I found an XSS vulnerability which is exploited by appending attack in the URL parameters.

For eg. the original URL site.com/?s=login&m=forgotten
And the attack URL site.com/?s=login&m=forgotten" onload=alert(966) bad="

Now I would like to prevent this attack. Can anybody help me?

  • 1
    Note that the attacker can also set the url to javascript:alert(966)
    – oriadam
    Jul 9, 2017 at 10:53
  • XSS in “the URL” is usually referred to as XSS through GET parameters.
    – CoderPE
    Nov 15, 2018 at 21:22

2 Answers 2


Sanitize your input, by escaping HTML special characters. In PHP this is done with htmlspecialcharacters. Make sure you do not supply a flag that prevents htmlspecialcharacters from escaping the type of quote you use.

Your problem is your URL is http://example.com/?s=login&m=forgotten" onload=alert(966) bad=", which your PHP code which is probably something like this:

$var = $_GET['m'];  
echo '<a href="$var">something</a>';

but on straight simple substitution with the bad input becomes:

<a href="forgotten" onload=alert(966) bad=">something</a>';

The problem arises from the unescaped ". The sanitizing PHP function htmlspecialcharacters will change the " to a &quot; so with:

$var = htmlspecialcharacters($_GET['m']);  
echo '<a href="$var">something</a>';

the rendered HTML will be:

<a href="forgotten&quot; onload=alert(966) bad=&quot;">something</a>';

which your browser will interpret as one giant link to forgotten&quot; onload=alert(966) bad=&quot;, instead of an html tag containing the onload attribute.

Personally, I'd move away from PHP and to a web framework that starts with security in mind; e.g., automatically HTML escapes all input from database and query parameters in templates (unless specifically marked otherwise), does CSRF checks by default, use query parameters, etc.

  • 1
    This does not prevent an XSS attack like javascript:alert(1) in href or src HTML attribute, like mentioned by @oriadam. Here is a solution for this, by checking the protocol with the parse_url PHP function: stackoverflow.com/questions/19047119/…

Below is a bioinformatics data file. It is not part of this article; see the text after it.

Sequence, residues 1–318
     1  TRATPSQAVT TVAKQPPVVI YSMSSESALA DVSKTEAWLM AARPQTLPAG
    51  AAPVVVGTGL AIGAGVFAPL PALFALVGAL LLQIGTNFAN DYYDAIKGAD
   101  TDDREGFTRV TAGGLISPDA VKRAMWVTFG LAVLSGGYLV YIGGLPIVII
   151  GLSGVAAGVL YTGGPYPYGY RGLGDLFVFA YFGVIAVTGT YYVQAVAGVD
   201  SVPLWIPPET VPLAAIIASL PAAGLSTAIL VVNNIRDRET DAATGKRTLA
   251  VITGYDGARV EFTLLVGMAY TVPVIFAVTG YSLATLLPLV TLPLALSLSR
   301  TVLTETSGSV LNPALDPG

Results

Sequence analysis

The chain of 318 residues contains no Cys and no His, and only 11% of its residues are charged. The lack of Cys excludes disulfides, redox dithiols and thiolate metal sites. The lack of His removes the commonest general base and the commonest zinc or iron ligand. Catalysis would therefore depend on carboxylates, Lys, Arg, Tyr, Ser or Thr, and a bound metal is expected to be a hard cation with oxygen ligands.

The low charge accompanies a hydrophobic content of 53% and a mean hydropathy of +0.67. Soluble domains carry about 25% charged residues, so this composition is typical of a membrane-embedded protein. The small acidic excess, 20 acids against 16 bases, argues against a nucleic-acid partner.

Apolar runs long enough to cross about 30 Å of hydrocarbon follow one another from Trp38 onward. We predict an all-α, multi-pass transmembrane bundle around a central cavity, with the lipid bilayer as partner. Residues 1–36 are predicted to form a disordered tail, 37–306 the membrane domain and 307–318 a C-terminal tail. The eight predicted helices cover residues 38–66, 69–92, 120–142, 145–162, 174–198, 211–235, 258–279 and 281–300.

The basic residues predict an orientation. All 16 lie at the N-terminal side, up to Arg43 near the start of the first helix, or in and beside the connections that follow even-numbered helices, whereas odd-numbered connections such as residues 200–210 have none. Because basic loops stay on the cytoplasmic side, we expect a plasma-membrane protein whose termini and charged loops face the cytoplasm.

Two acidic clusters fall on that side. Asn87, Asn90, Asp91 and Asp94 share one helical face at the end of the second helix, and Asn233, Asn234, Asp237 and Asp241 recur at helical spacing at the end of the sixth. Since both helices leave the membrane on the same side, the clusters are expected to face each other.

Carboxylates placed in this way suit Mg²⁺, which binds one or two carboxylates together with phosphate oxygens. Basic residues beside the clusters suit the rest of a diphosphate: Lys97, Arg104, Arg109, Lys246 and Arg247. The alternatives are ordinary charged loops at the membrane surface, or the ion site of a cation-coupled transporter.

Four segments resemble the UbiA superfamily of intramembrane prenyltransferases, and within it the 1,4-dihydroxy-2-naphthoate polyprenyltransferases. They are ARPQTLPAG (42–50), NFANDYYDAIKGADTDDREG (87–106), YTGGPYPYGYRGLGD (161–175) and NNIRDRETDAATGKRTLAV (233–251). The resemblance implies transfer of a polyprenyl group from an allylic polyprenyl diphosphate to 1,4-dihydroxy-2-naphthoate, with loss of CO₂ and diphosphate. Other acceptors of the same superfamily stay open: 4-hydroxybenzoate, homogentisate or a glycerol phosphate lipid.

– baptx
    Jul 20, 2019 at 11:36

By prevent, do you mean a code fix, IDP rule, something else? Assuming code fix, then what language is it written in, what framework, etc?

In general, what you'd need to do in the code is everywhere where data (especially coming from user input) is written back out, that the data is properly escaped in its context (be it HTML, URL, JavaScript, etc) of where it is being written.

Looking at your attack vector, it sounds like submitted query string is automatically appended to a generated anchor tag. If so, the potential fix is to either properly parse query string context into a collection of key-value pairs, and then properly serialize collection, or properly escape all the characters that let you break out of HTML's attribute value context. That said, it really depends on the context of how the code is written, where, what, how, when, etc... So your question is a bit vague in order to provide concrete answer.

  • I apologize for that.My code is written in PHP. I think the vulnerable code is <form accept-charset="UTF-8" action="?s=login&amp;m=forgotten" method="post" id="form_forgotten" class="form">. Can i do anything here?
    – Vishal
    Apr 2, 2014 at 15:02
  • what you showed is HTML (good), but how is that HTML generated is what's important. Can you amend your post with php code that generates that HTML. (b/w I've never code in PHP, so others may need to give input on proper escaping functions)
    – LB2
    Apr 2, 2014 at 16:05
  • The html code mentioned in the comment is used to generate form.so it is html not php that is generating the form.
    – Vishal
    Apr 2, 2014 at 16:13

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